Background: Patients with end-stage renal disease (ESRD) undergo a transition of care between their primary nephrologist and the transplant center during evaluation for kidney transplantation. Due to medical complexity, high hospitalization rate, and involvement of multiple medical stakeholders, transitions of medical care among patients with ESRD are likely to be associated with suboptimal care and medical errors. Provider-to-provider communication improves outcomes among ESRD patients transitioning between dialysis and transplant. There is little data analyzing proper transition of care between the nephrologist and the transplant center (TC). Objective: Using survey methodology, we examined nephrologists' current practice and experience regarding patient-related communication with the TC. Methods: From among 822 nephrologists who were following at least 20 ESRD patients, we randomly selected 252 nephrologists to participate in the study. The survey consisted of 102 multiple choice and Likert-style items probing perceptions about various aspects of transplant, including communication between TC and nephrologist. Responses from 216 participants who submitted complete responses were included in the final analysis. Results: Depending on the phase of transplant, nephrologist-TC communication varied between 50%-81% of nephrologists. Factors associated with higher likelihood of nephrologist-TC communication included attending transplant-related educational activity, practicing in a group with more than 5 nephrologists, and having more than 50 patients on dialysis. The majority of nephrologists indicated satisfaction with access to an attending physician in the TC, receiving timely and adequate information from the TC about their patients. Factors associated with higher likelihood of nephrologist satisfaction regarding communication with the TC included attending national nephrology meetings, medical directorship of a dialysis unit, fellowship training at an institution with an on-site transplant program, and availability of more than 2 transplant centers within 50 miles. Conclusion: There is a lack of evidence-based guidelines for patient transfer of care between nephrologists and transplant centers during various phases of transplant referral, evaluation and post-transplant care. We found that the likelihood of the nephrologists' communication with the transplant center and their satisfaction with the communication are related to their training, participation in continuing educational meetings, their practice location and size, and the overall composition of their patient population.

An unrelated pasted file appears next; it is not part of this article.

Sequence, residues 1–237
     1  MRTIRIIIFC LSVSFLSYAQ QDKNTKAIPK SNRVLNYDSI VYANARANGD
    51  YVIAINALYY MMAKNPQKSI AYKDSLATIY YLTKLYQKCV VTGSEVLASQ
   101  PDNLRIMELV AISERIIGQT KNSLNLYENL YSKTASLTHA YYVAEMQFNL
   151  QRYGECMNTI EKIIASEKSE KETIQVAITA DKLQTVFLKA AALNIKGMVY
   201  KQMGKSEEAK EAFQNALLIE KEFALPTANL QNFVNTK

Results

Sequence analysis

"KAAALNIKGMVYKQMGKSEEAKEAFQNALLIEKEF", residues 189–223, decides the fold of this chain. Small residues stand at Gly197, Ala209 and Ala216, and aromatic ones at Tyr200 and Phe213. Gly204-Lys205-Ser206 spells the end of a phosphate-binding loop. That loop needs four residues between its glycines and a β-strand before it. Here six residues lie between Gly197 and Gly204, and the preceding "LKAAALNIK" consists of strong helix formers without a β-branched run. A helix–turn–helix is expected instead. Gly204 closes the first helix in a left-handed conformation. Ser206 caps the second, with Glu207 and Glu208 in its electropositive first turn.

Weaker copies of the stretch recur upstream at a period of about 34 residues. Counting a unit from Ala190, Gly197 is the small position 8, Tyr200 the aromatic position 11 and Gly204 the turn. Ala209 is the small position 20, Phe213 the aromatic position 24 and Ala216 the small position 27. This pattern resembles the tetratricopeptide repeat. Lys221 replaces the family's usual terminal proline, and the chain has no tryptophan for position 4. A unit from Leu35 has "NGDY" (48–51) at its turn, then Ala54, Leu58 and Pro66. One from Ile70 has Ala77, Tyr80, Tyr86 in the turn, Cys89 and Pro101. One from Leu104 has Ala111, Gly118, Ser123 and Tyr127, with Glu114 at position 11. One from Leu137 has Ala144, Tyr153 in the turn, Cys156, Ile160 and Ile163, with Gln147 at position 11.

|Original language||English (US)|
|Number of pages||6|
|Journal||International Journal of Organ Transplantation Medicine|
|State||Published - 2020|
All Science Journal Classification (ASJC) codes